5 Ways to Disengage your Workforce
We’re constantly reading about strategies to enable adoption, effective methods to engage staff, and lots of ways on how to become a social business. So – I figured it was time to address these perspectives through a different set of lens – the antithesis lens.
Now, I’m optimistically confident that managers do not go to work with the intention of disengaging their workforce, however, if you can relate to any of the statements below it may be time to review your practises.
5 Ways to Disengage your Workforce:
1. Block the internet
Can your access all the sites you need to effectively achieve your daily tasks?
And no, I don’t just mean social networks, I mean internet access overall.
2. Mandate the use of antiquated systems
What version of internet browser (assuming you have internet access) are you using?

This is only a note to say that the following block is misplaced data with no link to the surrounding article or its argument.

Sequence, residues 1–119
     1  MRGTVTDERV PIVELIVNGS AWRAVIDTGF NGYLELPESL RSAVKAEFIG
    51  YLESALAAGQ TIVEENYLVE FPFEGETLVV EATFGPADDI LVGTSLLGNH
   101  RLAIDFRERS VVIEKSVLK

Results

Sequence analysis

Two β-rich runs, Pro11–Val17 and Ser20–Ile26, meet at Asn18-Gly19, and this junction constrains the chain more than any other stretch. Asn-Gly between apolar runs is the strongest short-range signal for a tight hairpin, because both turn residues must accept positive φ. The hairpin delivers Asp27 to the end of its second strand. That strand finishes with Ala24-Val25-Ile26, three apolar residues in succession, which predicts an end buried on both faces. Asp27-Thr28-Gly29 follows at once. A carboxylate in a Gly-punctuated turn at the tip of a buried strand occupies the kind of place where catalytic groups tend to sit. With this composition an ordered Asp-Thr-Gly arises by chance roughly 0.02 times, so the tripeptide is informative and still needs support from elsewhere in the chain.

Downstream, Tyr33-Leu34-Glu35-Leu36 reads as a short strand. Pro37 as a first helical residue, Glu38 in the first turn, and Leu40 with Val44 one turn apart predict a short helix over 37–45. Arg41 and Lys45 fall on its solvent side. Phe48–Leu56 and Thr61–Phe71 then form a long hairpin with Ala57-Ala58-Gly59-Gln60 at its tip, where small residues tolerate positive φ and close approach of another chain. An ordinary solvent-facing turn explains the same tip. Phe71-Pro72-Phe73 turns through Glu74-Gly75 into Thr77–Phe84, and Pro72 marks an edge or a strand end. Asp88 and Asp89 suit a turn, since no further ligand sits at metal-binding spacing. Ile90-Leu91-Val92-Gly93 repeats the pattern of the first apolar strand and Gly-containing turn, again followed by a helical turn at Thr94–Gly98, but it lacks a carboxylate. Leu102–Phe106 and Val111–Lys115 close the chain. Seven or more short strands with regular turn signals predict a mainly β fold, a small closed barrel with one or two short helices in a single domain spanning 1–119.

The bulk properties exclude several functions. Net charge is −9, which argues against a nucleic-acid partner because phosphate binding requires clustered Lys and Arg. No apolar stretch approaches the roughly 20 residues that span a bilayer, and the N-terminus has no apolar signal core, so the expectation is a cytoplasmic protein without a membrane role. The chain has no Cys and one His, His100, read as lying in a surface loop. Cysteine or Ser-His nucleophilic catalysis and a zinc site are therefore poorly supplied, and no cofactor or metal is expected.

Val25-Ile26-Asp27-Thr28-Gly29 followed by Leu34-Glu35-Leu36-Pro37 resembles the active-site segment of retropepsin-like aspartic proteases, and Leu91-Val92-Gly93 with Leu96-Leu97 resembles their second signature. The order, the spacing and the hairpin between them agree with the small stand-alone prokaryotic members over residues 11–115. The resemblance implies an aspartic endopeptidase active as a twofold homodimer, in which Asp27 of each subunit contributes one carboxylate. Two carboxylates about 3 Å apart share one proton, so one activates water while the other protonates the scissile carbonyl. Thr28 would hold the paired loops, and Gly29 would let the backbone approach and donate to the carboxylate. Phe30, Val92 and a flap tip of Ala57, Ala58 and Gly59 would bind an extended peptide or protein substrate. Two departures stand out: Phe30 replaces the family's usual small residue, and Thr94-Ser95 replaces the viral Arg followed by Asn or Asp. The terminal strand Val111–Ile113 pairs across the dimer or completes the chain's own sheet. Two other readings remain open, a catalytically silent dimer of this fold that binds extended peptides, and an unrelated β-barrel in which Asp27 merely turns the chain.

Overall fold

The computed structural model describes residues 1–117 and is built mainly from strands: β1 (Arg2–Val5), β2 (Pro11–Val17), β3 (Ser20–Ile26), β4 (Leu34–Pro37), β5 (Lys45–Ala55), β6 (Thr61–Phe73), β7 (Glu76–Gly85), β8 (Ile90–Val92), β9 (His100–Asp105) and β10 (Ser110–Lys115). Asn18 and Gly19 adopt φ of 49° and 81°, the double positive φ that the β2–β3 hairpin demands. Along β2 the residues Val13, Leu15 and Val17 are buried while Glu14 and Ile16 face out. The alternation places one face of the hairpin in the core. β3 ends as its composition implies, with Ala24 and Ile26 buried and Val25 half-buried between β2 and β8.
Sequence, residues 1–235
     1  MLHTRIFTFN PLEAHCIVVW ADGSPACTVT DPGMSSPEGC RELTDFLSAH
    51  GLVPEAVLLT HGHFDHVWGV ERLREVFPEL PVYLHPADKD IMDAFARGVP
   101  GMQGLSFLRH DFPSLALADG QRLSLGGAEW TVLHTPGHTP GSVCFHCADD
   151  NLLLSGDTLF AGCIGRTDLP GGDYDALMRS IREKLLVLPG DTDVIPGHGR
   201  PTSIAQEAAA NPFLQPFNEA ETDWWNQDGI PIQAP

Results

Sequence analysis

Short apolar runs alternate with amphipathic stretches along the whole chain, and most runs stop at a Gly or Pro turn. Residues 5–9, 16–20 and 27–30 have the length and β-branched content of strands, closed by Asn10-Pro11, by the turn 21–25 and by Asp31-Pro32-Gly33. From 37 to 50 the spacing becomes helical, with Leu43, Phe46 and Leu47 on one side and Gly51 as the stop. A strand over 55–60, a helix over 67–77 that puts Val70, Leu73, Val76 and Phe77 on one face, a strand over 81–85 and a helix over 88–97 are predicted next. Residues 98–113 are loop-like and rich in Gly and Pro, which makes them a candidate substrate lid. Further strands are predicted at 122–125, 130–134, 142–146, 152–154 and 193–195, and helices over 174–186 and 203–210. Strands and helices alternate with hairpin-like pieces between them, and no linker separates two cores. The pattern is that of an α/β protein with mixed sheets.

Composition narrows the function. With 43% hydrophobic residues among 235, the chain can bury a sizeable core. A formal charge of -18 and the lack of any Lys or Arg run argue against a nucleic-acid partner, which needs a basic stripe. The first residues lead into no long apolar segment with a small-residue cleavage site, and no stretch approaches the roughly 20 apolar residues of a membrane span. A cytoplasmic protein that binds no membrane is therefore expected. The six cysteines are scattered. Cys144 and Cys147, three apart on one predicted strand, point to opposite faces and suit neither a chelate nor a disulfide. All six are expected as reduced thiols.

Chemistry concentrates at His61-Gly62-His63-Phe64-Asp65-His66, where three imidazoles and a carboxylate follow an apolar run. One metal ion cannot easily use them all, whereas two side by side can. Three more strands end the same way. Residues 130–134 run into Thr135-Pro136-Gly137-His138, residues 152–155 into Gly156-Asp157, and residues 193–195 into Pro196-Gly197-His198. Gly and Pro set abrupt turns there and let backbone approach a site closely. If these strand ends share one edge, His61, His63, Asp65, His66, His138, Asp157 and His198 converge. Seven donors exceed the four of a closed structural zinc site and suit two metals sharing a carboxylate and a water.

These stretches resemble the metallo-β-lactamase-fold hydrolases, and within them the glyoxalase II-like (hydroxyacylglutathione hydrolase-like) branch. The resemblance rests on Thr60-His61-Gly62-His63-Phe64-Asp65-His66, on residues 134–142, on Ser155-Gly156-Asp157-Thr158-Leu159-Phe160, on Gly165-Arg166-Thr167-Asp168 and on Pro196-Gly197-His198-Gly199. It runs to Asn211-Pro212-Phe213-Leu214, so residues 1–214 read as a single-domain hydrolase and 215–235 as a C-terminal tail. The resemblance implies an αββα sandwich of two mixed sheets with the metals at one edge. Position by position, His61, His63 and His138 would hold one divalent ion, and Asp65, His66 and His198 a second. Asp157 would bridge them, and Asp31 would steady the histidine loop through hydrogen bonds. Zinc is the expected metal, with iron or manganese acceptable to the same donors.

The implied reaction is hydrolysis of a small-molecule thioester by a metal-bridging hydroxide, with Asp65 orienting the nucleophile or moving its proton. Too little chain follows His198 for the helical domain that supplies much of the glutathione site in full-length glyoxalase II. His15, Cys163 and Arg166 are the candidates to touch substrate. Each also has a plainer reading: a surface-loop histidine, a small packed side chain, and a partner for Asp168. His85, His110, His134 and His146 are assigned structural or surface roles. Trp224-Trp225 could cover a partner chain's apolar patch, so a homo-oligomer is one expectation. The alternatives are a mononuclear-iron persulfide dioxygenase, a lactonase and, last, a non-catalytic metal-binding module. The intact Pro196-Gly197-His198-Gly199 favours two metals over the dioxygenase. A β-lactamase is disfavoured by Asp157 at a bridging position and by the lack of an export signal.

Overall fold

Are all your software applications compatible? Within and outside your organisation? (Or are you constantly having to ask clients and suppliers to change the format of files?)
Do you have to login with a different username and password for each system?
Are you frustrated by the software functionality available to you?
3. Rely on email as your primary communication tool
My fondness for email as an effective core communication tool is well known – I’ll say no more here.
4. It’s on the intranet
Another favourite – and as the saying goes: “the intranet is where documents go to die” – that is unless you have a recently implemented social intranet – then you can ignore this statement because you’ll be able to find what you’re looking for, or easily ask your colleagues in an open and easy to access format.
5. Have no social spaces
No, I don’t mean physical spaces, like a lunch room – I mean online social spaces, behind a firewall, where people can engage with their colleagues, where expertise location is simple, where sharing knowledge and resources is a naturally occurring phenomenon, and people feel better connected to each other across departments, across locations, across countries.
But then, they’re supposed to be working – not socialising, aren’t they?!!